2013 NBA Draft: One of the Weakest in History?
The last few months have seen many NBA scouts badmouth the upcoming 2013 NBA draft for apparently lacking in talent and being bereft of any potential superstars. Adam Zagoria just quoted one NBA GM declaring that the upcoming draft was "historically weak."
All of which makes me laugh.
To say that drafting NBA players is an exact science is absurd, and to predict if an entire draft will be "good" or "bad" before it happens is just asking for trouble.
The truth is we just don't know. It is incredibly difficult to project what a young college player will turn into down the road. Hyped draft classes often end up disappointing us, and lowly regarded second-rounders sometimes become All-Stars.
We just don't know what will happen with players from this draft five years from now, and when a scout or general manager terms an entire draft weak he is really just spouting out nonsense.
What Zagoria's article pointed out is the fact that there is no clear superstar available in this draft. But there rarely is.
Dwight Howard was hardly considered a sure thing when he came out in 2004—Emeka Okafor was almost picked before him. In 2005, Chris Paul dropped to the fourth pick—obviously teams had no idea they were drafting a superstar. In 2006 Rajon Rondo, arguably the best player in the entire draft, was selected 21st overall. No one thought he would turn into a perennial All-Star.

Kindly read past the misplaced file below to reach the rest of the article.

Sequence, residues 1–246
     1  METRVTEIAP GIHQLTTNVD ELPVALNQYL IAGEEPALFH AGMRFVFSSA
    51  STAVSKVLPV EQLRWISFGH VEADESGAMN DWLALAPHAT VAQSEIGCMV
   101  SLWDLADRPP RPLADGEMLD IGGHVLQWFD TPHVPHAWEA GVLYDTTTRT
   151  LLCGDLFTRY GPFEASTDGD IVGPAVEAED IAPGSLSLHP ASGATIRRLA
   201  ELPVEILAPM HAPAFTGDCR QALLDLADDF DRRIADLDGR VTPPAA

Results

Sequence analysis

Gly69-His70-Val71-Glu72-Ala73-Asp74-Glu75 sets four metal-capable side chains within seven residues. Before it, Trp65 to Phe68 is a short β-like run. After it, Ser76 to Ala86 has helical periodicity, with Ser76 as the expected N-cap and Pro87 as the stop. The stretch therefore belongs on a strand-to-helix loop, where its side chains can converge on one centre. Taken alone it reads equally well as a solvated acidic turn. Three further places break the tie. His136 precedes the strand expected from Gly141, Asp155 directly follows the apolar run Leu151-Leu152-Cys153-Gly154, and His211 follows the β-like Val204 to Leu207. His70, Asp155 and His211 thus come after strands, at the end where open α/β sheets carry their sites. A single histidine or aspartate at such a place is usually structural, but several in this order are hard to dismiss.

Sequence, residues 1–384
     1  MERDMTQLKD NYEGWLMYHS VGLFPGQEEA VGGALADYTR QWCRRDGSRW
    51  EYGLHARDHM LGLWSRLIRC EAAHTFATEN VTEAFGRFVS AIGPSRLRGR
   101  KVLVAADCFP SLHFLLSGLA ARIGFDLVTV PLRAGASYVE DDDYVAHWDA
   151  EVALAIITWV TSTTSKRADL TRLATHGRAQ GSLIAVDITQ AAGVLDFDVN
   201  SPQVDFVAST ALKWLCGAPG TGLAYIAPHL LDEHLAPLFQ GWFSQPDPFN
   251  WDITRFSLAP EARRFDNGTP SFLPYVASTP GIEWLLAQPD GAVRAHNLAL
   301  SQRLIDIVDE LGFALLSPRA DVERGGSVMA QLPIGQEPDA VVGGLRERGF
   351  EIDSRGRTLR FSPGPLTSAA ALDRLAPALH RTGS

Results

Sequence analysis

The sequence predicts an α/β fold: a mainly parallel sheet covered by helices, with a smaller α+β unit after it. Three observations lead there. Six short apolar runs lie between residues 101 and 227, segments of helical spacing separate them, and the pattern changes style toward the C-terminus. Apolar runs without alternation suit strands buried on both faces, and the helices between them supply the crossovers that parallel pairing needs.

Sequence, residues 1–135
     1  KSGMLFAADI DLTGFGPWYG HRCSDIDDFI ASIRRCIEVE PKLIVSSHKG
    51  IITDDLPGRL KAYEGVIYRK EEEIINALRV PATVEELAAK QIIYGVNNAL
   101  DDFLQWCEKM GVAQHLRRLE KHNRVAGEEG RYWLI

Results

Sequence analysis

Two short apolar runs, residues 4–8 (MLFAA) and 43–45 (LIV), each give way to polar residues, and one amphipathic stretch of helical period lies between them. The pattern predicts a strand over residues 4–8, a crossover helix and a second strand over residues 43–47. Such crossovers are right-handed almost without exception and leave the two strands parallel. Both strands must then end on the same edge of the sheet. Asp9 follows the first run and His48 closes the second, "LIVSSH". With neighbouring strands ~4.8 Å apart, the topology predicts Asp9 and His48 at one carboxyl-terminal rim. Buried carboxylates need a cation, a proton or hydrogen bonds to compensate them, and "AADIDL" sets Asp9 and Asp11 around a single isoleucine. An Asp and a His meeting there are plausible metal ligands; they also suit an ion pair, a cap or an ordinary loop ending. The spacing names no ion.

The 2007 draft, we can say, was different. That year scouts finally knew there were superstars available at the top of the draft. Everyone could take a sigh of relief. Greg Oden was one of the most highly decorated first overall picks in recent memory, and the Portland Trail Blazers were envisioning a dynasty.
Oden, of course, has only played 82 games over the course of his injury-laden career. Meanwhile, Marc Gasol, the 48th pick in that year's draft, has become arguably the best all-around center in the NBA.
Another important thing to remember is that even the worst drafts produce at least three players who make the All-Star team. The infamous 2000 NBA draft produced three All-Stars—as well as solid players like Jamal Crawford, Mike Miller and Hedo Turkoglu. That is a worst-case scenario, and usually drafts are far better than that.
So it is best to admit we just don't know what a draft class will turn into down the line. I have been following and studying the draft far too long to tell you otherwise. The 2010 draft was supposed to be great, but has disappointed us so far. Meanwhile, the 2012 draft was considered weak, but now it looks pretty good with the surprising emergence of Damian Lillard and Andre Drummond.
When it comes to an NBA draft, you try your best to figure out who the best players are in it. But we often fail. Projecting the future is very hard. So don't be fooled; we have no idea how good the 2013 draft will be, and that is OK.
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